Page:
CS ( k ) = j π 2 k S ( k ) + j S ( k ) = ( j π 2 k + j ) S ( k ) ( 2.9 )
where k is the frequency bin index and a complete period of CS(k) is obtained when considering all 0≦k<2L. Now consider values of k that are multiples of four, i.e., let k=4r where r is an integer and

0 r 2 L 4 .
Substituting k=4r into (2.9) one gets

CS ( 4 r ) = ( j π 2 4 r + j ) S ( 4 r ) = ( 1 + j ) S ( 4 r ) , ( 2.10 )
while the magnitude of the spectrum is
|CS(4r)|=√{square root over (2)}|S(4r)|.  (2.11)
Consider next all values of k=4r+1 where r is an integer and

0 r < 2 L 4 .
Substituting k=4r+1 into (2.9) one obtains

CS ( 4 r + 1 ) = ( j π 2 ( 4 r + 1 ) + j ) S ( 4 r + 1 ) = 2 j S ( 4 r + 1 ) , ( 2.12 )
and the corresponding magnitude of the spectrum is
|CS(4r+1)|=2|S(4r+1)|.  (2.13)
Similarly, for all values of k=4r+2 one finds

CS ( 4 r + 2 ) = ( j π 2 ( 4 r + 2 ) + j ) S ( 4 r + 2 ) = ( - 1 + j ) S ( 4 r + 2 ) , ( 2.14 )
and |CS(4r+2)|=√{square root over (2)}|S(4r+2)|.  (2.15)

For the remaining values of k=4r+3 the expression (2.9) simplifies to

CS ( 4 r + 3 ) = ( j π 2 ( 4 r + 3 ) + j ) S ( 4 r ) = 0 ( 2.16 )
and the magnitude of the spectrum is
|CS(4r+3)|=0.  (2.17)

With the assistance of (2.10), (2.12), (2.14), and (2.16) one can obtain the entire spectrum of a quadrature DDS CS(k) from the spectrum corresponding to its sine output S(k). As one might expect, similar expressions can easily be derived to establish the relationship between CS(k) and the spectrum corresponding to the cosine output C(k). One notices from (2.17) that all of the spectral components corresponding to k=4r+3 have zero energy. Therefore, all spurious frequency components at these locations are guaranteed to be zero. Considering that this set of zero-spur locations constitutes 25% of the entire spectrum, one concludes that designing the quadrature DDS such that the necessary condition (2.3) is satisfied may significantly improve the overall performance. Furthermore, in Section 5 a design method is discussed that produces spectra C(k) and S(k) such that for all even frequency bins (i.e., for the sets k=4r and k=4r+2) the spurs are zero. From (2.10), (2.11), (2.14), and (2.15) one concludes that, using the method described in Section 5, a quadrature DDS that is also made to satisfy (2.3) will have a spectrum with 75% of potential spurs having zero energy.

In general, if a quadrature DDS does not satisfy (2.3) but rather has the property c(n)=s(n+d) for some integer value of d, then the spectrum CS(k) can be expressed as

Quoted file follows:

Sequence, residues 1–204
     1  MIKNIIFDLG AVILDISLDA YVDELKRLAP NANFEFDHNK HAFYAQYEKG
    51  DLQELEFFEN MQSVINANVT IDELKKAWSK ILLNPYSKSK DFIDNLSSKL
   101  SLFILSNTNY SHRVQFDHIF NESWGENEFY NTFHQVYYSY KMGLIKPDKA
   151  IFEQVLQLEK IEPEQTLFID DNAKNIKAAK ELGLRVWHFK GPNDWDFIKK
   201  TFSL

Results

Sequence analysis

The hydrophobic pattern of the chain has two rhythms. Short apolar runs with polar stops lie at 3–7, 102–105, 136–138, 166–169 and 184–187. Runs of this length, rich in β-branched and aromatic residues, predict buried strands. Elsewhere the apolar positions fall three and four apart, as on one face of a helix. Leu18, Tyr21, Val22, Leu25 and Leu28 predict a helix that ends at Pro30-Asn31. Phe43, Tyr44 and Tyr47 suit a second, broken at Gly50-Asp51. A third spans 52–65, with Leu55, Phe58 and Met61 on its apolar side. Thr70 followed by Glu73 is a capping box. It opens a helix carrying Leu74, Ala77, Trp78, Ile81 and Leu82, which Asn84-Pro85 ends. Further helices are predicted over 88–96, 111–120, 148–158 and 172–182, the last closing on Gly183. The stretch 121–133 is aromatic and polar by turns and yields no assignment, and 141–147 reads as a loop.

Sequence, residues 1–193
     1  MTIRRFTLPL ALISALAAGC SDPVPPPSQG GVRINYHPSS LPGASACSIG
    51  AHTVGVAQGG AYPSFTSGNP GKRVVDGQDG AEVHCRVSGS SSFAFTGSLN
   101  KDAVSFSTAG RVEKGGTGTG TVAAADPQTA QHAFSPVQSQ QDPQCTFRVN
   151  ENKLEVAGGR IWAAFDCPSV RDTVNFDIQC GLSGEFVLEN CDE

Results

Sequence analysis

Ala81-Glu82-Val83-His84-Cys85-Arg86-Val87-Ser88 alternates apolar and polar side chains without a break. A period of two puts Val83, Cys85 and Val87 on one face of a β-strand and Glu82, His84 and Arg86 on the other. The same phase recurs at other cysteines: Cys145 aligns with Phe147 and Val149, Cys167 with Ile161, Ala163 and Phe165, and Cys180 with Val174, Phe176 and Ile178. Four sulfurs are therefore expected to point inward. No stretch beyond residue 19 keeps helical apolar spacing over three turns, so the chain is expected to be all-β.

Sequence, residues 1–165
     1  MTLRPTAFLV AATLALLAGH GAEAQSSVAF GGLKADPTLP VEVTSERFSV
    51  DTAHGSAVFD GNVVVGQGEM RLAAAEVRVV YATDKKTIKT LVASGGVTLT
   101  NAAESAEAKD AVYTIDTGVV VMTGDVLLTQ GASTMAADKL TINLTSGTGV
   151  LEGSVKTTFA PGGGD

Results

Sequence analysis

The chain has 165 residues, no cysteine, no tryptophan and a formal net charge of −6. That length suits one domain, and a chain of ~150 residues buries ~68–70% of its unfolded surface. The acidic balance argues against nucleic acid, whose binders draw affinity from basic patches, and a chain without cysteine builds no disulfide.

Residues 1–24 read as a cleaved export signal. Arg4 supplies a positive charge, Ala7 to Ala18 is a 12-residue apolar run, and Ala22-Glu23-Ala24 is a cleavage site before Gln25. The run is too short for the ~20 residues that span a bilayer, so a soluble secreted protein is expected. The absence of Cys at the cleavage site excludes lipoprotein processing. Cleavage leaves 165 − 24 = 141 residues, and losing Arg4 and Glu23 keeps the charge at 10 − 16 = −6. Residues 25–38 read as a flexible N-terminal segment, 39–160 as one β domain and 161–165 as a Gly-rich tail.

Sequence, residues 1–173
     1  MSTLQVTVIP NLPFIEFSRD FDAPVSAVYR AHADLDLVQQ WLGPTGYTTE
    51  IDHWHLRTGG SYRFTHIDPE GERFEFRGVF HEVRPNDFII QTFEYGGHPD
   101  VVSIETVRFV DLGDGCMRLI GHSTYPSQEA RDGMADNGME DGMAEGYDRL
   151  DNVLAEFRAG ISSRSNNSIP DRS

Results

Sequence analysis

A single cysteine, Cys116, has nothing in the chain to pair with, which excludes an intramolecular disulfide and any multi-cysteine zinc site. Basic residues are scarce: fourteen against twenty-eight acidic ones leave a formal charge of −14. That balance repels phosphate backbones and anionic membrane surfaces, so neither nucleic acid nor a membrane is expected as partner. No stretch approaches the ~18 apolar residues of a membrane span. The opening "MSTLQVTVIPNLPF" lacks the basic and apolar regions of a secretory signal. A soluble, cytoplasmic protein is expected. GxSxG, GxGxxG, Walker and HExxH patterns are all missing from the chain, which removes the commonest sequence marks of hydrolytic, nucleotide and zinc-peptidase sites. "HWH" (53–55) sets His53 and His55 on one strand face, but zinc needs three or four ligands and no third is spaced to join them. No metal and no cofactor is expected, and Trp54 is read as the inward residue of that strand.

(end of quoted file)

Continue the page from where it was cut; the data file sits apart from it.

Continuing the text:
CS ( k ) = j 2 π 2 L kd S ( k ) + j S ( k ) = ( j 2 π 2 L kd + j ) S ( k ) . ( 2.18 )
A similar expression can be derived that expresses CS(k) in terms of C(k). From (2.18) one concludes that the spectrum CS(k) of a quadrature DDS with cosine and sine outputs c(n) and s(n), respectively, satisfying the condition c(n)=s(n+d) for some arbitrary integer d, can be obtained from the spectrum of only the cosine output C(k) or the spectrum of only the sine output S(k). For such quadrature DDS, with the assistance of (2.18), the computational complexity of the required DFT is reduced since a direct computation of CS(k) requires a complex-input DFT while the computation of S(k) (or C(k)) requires only a real-input DFT.
3.1 Phase Word Truncation

As shown in FIG. 3, the phase sequence at the output of the phase accumulator is truncated to W bits before addressing the SCMF. Consequently, all input frequency control words can be grouped into two categories. (Recall that the MSB bit position is denoted as position 1.) The first group includes all fcw with their rightmost nonzero bit position L at or above position W, i.e. L≦W. In this case there will be no phase truncation and all spurs at the DDS output will be due to the non-ideal SCMF. DDS behavior for such fcw will be discussed in Section 3.6. The second group includes all fcw with L>W and for such fcw there will be phase truncation. For example, with W=15 the fcw=011010111001000000000000 (where L=12) is from the first group, while the fcw=110101000011010111010100 (where L=22) belongs to the second group. The underlined positions correspond to W=15, the position of phase truncation. Consider first the analysis of DDS spurs for fcw with L>W.

Now consider, for example, a DDS with a 24-bit fcw, and a 15-bit SCMF input. In FIG. 3, this corresponds to M=24 and W=15. Assume the frequency control word is g=000000000000000010000, with its rightmost nonzero bit at position L=20. The rightmost nonzero bit is therefore B=L−W=5 bits below the truncation position W=15. The four LSB bits could be omitted since they do not impact the outcome, and after such normalization one notices that the sequence q at the output of the phase accumulator will increment by one on every cycle. The corresponding sequence q′ at the output of the truncate block will step once for every 2B=25=32 cycles. In other words, it will be 0 for 32 cycles, then 1 for 32 cycles, then 2 for 32 cycles, and so forth.